The media, perhaps inevitably, seemed more fascinated by Beyoncé’s performance than the content of President Obama’s 2nd inaugural speech – and on a very cold day it would be surprising if many in the crowd absorbed the full flavour of his messages.
From a distance the local context is not always obvious and some commentators have noted that foreign policy did not get a mention. But what has struck home is the sense that this President can rise above the fray and understands the need for vision beyond the party politics.
Our old friend Sid is no longer around to appreciate Obama’s leadership but he would have been delighted that the american dream is still very much alive.
Read the full story in ‘Beyond Beyoncé‘
A new study jointly commissioned by INTUG (the international user group for major telecoms customers) and ECTA (European Competitive Telecoms Association) estimates that the value of a single digital market in the EU for digital communications services as €90 billion.
The need for regulators to address the issues of easier cross-border service provision to enable efficiencies for major businesses has become a significant challenge as the digital economy develops.
Major businesses may represent only 2% of all EU companies but these multi-site, multinational organisations generate 60 million jobs and account for nearly half of EU business turnover and more than half of ‘value added’.
Together with public service agencies, businesses contribute disproportionally to the revenues of major telcos and, in their remit for protecting the interests of all customers, regulators should be mindful of the market distortions that flow from this ‘indirect taxation’.
You can find the full story and a link to the INTUG-ECTA study at Bdaily – the UK’s business news network.
In the UK the number of citizens on the wrong side of the digital divide may have been more than halved over the last 5 years but that still leaves a vast number who are about to find that, in the cause of cheaper, more-efficient and sometimes better public services, the government’s ‘digital by default’ policy will soon start to hit home.
Moreover, of those citizens who are not currently online-enabled (with neither the connectivity nor the skills) the majority are those for whom easier access to public services, cheaper living, access to jobs, less hassle, better healthcare and education are high priorities.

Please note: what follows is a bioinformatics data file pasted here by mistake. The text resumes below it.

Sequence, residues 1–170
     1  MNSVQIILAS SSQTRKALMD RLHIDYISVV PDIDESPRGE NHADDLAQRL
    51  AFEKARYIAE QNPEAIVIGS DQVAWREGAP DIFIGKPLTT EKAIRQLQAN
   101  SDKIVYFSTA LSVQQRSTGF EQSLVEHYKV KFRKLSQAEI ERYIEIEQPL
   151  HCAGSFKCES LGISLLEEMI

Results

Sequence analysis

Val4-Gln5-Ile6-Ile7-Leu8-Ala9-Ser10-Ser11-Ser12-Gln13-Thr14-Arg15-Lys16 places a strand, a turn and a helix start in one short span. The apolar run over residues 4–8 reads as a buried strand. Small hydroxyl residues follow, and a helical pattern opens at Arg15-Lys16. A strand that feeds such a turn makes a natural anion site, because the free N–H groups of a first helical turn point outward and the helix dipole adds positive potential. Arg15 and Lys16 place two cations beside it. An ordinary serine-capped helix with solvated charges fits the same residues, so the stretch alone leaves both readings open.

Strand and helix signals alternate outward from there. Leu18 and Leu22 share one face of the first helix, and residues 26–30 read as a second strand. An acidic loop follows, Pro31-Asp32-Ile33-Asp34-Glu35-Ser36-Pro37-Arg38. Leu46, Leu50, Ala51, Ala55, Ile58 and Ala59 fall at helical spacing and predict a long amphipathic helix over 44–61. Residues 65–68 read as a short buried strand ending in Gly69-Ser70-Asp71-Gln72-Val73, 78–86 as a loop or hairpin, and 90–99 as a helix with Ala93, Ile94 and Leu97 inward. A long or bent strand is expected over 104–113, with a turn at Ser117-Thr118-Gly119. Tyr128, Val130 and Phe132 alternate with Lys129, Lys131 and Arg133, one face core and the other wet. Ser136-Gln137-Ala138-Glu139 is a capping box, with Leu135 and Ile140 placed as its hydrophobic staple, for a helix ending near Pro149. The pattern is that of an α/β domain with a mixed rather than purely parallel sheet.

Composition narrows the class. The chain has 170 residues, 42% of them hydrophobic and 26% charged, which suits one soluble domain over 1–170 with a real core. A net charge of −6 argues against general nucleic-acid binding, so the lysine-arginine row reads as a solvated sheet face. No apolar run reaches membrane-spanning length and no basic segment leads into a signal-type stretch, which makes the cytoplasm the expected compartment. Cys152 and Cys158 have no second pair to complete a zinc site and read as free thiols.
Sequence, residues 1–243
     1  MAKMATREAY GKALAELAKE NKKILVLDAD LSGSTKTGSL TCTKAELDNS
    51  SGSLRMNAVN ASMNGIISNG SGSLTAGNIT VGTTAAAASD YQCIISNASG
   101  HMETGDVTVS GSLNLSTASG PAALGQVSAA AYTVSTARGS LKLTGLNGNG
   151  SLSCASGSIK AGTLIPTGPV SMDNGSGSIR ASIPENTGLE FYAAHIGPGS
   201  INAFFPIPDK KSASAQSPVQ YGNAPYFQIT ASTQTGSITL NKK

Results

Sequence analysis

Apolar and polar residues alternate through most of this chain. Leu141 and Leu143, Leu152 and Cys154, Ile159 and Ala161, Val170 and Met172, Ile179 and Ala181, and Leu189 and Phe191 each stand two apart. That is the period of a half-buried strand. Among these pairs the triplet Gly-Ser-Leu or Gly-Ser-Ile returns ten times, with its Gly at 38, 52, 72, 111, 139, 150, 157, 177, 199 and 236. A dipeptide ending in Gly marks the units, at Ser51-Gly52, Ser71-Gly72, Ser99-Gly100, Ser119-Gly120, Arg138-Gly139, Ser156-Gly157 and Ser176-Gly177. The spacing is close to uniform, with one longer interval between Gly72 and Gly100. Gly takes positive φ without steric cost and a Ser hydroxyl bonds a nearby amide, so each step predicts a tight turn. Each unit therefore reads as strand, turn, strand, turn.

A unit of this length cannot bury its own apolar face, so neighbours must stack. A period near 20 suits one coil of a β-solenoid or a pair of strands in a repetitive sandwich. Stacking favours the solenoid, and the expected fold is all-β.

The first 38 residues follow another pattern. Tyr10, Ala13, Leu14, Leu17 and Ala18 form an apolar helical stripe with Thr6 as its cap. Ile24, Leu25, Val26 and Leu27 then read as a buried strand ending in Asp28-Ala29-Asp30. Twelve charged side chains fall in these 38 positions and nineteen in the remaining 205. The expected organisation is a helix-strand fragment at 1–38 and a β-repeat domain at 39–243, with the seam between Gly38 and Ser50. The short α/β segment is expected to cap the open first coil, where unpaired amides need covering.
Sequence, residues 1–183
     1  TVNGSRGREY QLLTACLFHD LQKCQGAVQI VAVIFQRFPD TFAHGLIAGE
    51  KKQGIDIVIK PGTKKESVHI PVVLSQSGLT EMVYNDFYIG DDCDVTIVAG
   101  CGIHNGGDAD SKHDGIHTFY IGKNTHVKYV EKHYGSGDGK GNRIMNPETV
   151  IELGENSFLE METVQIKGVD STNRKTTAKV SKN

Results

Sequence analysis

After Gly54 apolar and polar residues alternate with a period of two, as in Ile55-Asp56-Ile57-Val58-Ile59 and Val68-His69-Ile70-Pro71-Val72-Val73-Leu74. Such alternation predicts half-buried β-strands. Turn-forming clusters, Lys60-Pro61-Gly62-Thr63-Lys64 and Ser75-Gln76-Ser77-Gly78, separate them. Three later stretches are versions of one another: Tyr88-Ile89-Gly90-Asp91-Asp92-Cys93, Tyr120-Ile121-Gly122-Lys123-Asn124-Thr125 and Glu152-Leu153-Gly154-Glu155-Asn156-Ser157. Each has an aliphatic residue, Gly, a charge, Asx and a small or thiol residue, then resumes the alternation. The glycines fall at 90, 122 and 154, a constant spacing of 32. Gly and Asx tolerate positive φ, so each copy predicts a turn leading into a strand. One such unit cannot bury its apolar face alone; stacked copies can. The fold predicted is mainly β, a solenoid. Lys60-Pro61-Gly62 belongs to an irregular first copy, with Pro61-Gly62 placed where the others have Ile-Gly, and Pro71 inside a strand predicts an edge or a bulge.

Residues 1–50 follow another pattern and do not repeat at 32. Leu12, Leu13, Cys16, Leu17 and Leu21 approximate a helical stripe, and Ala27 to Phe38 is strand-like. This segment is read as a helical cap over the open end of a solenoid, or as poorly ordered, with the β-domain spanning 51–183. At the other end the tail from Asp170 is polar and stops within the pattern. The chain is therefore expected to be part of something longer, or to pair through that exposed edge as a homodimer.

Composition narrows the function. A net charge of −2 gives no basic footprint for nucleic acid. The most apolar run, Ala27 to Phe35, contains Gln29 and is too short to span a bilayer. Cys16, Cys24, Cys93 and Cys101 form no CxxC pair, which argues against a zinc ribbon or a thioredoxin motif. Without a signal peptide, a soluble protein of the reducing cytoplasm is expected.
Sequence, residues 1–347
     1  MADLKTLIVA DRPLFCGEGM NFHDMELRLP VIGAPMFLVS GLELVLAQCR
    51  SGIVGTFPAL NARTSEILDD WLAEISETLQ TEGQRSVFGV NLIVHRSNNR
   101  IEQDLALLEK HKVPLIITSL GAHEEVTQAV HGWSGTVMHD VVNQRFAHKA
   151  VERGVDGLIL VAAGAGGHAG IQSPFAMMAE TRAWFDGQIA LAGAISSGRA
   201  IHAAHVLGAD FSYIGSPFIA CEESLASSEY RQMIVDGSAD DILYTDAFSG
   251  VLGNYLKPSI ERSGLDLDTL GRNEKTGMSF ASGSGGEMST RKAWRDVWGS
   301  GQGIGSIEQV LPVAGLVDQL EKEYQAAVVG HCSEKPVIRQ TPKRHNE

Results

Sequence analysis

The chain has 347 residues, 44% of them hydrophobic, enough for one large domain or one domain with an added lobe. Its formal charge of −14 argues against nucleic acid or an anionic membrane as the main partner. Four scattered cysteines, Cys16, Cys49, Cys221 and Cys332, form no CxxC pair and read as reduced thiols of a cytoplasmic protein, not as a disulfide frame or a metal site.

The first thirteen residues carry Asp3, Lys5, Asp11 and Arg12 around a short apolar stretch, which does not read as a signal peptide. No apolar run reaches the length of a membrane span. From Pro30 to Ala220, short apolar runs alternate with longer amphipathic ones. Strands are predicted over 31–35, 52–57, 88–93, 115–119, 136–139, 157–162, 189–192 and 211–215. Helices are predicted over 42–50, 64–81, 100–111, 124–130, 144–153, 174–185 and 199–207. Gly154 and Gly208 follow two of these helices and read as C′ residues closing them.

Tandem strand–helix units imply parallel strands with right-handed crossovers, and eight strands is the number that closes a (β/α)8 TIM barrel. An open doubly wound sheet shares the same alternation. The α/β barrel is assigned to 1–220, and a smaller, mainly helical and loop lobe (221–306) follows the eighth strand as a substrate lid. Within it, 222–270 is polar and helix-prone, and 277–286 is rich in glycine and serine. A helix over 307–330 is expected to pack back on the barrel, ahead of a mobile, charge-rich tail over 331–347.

Tackling the challenges of the ‘doubly disconnected’ (economically and socially disconnected citizens) are 15,000 volunteers led by Helen Milner’s UK Online Centres Foundation. Together they are delivering vast benefits – for the life chances of individuals and, economically, for all of us.
We thought it timely to update our story from 2007. Read Helen’s account of the continuing need for greater digital inclusion in her report for Groupe Intellex ‘The scale of digital exclusion in the UK‘
Yesterday’s demise of the UK’s Blockbuster video store, coming so soon after the reins of HMV were handed to ‘the administrator’ and Jessop’s cameras followed Comet’s white goods and countless card shops into the wilderness, has kept headline and leader writers busy and caused ‘a nation of shopkeepers’ to pause for thought.
It was, said one columnist (overstating for effect), as if the High Street had finally run out of people who were not on the Internet. We might even see the end of that most unlikely quack health treatment – retail therapy. The outpouring of late love for lost brands stands in contrast to the reluctance of shoppers to visit the places before they died – and a good part of that must reflect the lack of money to splurge on optional extras when they can be found more conveniently and cheaper elsewhere. Economists may describe this as ‘market pruning’ but hopes for a resurgence of growth in the Spring seem unlikely.
No amount of yearning for the real or imagined lost paradise of the High Street will slow the world sufficiently for those who want to get off but there is value to be found in this massive penny-dropping moment – the realisation that the digital economy is real. Personal and collective moments of revelation such as this tell us how much we have been kidding ourselves as we cling to the ‘established order’.
In the UK the retail sector employs 4 million people and whilst feeling for those whose lives careers and incomes have been disrupted, our editorial ‘Pennies, Drops and Impacts‘ looks at the urgent need to get all our heads around the new realities and deliver a digitally inclusive and more-equitable society.
This edition of the index shows that our published output may have been lower in the 2nd half of the year but we developed some digital economy themes in greater depth.
The Index provides quick links to all of our editorial material (including contributions from Marit Hendriks and Andrew Macdonald and Leader columns for the CMA) plus briefing notes for projects for NG Events and Community Study Tours.
Surprisingly popular in the last week of the year was a review of Irene Ng’s new book ‘Value & Worth’ with a hit–rate exceeding anything we’d published since last September.